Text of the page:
Illness-related suffering and need for palliative care in Rohingya refugees and caregivers in Bangladesh: A cross-sectional study
Megan Doherty aff001; Liam Power aff004; Mila Petrova aff005; Scott Gunn aff006; Richard Powell aff007; Rachel Coghlan aff008; Liz Grant aff009; Brett Sutton aff010; Farzana Khan aff011
Působiště autorů: Department of Pediatrics, Children’s Hospital of Eastern Ontario, Ottawa, Ontario, Canada aff001; Department of Pediatrics, Faculty of Medicine, University of Ottawa, Ottawa, Ontario, Canada aff002; World Child Cancer, London, United Kingdom aff003; Faculty of Medicine, Dalhousie University, Halifax, Nova Scotia, Canada aff004; Cambridge Palliative and End of Life Care Group, Primary Care Unit, Department of Public Health and Primary Care, University of Cambridge, Cambridge, United Kingdom aff005; Faculty of Medicine, Queens University, Kingston, Ontario, Canada aff006; MWAPO Health Development Group, Nairobi, Kenya aff007; Centre for Humanitarian Leadership, Faculty of Arts and Education, Deakin University, Burwood, Victoria, Australia aff008; Usher Institute of Population Health Sciences and Informatics, Global Health Academy, Centre for Population Health Sciences, University of Edinburgh, Edinburgh, United Kingdom aff009; Health Protection and Emergency Management, Department of Health and Human Services, Melbourne, Victoria, Australia aff010; Fasiuddin Khan Research Foundation, Dhaka, Bangladesh aff011
Vyšlo v časopise: Illness-related suffering and need for palliative care in Rohingya refugees and caregivers in Bangladesh: A cross-sectional study. PLoS Med 17(3): e32767. doi:10.1371/journal.pmed.1003011
Kategorie: Research Article
Despite recognition that palliative care is an essential component of any humanitarian response, serious illness-related suffering continues to be pervasive in these settings. There is very limited evidence about the need for palliative care and symptom relief to guide the implementation of programs to alleviate the burden of serious illness-related suffering in these settings. A basic package of essential medications and supplies can provide pain relief and palliative care; however, the practical availability of these items has not been assessed. This study aimed to describe the illness-related suffering and need for palliative care in Rohingya refugees and caregivers in Bangladesh.
Methods and findings
Between November 20 and 24, 2017, we conducted a cross-sectional study of individuals with serious health problems (n = 156, 53% male) and caregivers (n = 155, 69% female) living in Rohingya refugee camps in Bangladesh, using convenience sampling to recruit participants at the community level (i.e., going house to house to identify eligible individuals). The serious health problems, recent healthcare experiences, need for medications and medical supplies, and basic needs of participants were explored through interviews with trained Rohingya community members, using an interview guide that had been piloted with Rohingya individuals to ensure it reflected the specificities of their refugee experience and culture. The most common diagnoses were significant physical disabilities (n = 100, 64.1%), treatment-resistant tuberculosis (TB) (n = 32, 20.5%), cancer (n = 15, 9.6%), and HIV infection (n = 3, 1.9%). Many individuals with serious health problems were experiencing significant pain (62%, n = 96), and pain treatments were largely ineffective (70%, n = 58). The average age was 44.8 years (range 2–100 years) for those with serious health problems and 34.9 years (range 8–75 years) for caregivers. Caregivers reported providing an average of 13.8 hours of care per day. Sleep difficulties (87.1%, n = 108), lack of appetite (58.1%, n = 72), and lack of pleasure in life (53.2%, n = 66) were the most commonly reported problems related to the caregiving role. The main limitations of this study were the use of convenience sampling and closed-ended interview questioning.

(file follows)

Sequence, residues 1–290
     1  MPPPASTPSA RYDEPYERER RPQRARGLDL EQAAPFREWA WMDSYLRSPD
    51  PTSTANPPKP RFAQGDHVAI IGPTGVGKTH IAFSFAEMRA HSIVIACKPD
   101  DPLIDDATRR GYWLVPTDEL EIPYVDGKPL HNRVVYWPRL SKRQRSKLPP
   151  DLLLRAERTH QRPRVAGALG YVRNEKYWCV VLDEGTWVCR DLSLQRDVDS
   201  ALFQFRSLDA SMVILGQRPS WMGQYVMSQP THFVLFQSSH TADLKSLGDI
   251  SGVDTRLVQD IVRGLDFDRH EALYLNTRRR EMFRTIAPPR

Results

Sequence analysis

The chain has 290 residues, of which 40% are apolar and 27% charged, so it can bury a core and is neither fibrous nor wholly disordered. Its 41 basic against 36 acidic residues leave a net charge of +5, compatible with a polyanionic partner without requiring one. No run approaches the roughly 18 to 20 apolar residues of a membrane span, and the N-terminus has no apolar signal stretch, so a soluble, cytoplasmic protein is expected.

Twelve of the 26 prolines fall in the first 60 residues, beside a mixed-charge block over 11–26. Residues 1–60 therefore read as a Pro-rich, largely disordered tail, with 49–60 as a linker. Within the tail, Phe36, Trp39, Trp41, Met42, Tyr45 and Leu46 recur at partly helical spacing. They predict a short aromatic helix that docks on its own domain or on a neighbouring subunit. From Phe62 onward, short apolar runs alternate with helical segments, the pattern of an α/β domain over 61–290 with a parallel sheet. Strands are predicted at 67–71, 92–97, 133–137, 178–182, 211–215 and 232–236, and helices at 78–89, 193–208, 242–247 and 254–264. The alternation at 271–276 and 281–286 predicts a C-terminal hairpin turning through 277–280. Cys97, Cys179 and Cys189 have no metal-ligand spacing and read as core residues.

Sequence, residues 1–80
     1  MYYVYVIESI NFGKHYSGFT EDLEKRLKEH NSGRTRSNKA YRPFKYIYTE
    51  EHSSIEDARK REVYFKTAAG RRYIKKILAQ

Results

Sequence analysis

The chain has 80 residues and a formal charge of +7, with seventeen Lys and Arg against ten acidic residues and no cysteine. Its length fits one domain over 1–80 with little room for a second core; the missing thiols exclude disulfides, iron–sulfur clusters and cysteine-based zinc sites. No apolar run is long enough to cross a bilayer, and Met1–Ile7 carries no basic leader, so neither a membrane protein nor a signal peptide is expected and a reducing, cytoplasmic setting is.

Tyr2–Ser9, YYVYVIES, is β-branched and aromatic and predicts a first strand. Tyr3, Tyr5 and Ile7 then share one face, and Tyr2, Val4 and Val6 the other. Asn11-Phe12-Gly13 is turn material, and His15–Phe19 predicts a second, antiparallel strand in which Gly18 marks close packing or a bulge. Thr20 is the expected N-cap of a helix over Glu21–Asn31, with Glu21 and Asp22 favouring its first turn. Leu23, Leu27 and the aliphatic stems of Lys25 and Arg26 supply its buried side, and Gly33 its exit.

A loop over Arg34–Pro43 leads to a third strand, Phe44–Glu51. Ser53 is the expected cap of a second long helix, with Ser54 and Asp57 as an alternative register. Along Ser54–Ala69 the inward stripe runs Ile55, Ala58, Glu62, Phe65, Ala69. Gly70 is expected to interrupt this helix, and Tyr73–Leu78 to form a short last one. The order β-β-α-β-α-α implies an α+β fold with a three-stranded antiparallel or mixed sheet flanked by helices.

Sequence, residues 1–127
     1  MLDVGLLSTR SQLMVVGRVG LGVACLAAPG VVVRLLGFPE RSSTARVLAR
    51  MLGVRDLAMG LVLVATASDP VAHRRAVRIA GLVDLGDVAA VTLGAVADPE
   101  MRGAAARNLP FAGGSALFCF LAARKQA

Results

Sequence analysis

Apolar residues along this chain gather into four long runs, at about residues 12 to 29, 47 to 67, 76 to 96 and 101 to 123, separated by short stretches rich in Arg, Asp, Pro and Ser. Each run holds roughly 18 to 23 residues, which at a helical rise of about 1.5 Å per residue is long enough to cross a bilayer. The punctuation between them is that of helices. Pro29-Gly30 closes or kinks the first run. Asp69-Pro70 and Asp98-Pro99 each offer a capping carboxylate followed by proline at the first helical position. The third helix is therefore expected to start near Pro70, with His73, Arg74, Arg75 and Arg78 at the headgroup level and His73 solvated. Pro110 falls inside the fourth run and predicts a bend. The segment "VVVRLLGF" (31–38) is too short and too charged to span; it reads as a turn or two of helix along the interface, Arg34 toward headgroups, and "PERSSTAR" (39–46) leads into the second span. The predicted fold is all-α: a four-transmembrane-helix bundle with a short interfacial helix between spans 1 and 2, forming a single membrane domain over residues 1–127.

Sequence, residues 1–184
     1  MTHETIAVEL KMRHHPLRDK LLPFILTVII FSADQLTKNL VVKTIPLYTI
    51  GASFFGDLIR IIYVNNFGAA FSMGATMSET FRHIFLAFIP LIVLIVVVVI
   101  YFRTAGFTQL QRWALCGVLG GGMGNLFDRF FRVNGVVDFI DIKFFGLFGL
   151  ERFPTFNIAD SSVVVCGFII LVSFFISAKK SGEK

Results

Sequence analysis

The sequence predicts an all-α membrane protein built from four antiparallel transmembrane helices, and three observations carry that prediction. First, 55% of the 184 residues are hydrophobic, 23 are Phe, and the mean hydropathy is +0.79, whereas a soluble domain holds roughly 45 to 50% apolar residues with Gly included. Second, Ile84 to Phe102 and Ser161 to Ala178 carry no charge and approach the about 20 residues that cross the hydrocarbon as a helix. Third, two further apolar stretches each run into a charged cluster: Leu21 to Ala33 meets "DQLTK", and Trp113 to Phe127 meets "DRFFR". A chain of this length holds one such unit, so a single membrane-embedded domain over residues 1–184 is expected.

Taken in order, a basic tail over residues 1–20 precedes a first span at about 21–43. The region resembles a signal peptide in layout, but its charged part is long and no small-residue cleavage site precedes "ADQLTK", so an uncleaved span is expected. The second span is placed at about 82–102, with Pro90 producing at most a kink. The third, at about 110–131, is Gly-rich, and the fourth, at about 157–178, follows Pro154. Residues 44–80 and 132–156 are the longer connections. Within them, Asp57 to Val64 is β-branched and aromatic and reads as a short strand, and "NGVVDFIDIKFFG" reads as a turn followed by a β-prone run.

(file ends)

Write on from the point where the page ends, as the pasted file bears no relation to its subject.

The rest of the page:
In this study we found that many individuals with serious health problems experienced significant physical, emotional, and social suffering due to a lack of access to pain and symptom relief and other essential components of palliative care. Humanitarian responses should develop and incorporate palliative care and symptom relief strategies that address the needs of all people with serious illness-related suffering and their caregivers.
Drug therapy – Emotions – Equipment – Medical devices and equipment – Opioids – Pain management – Palliative care – Urology
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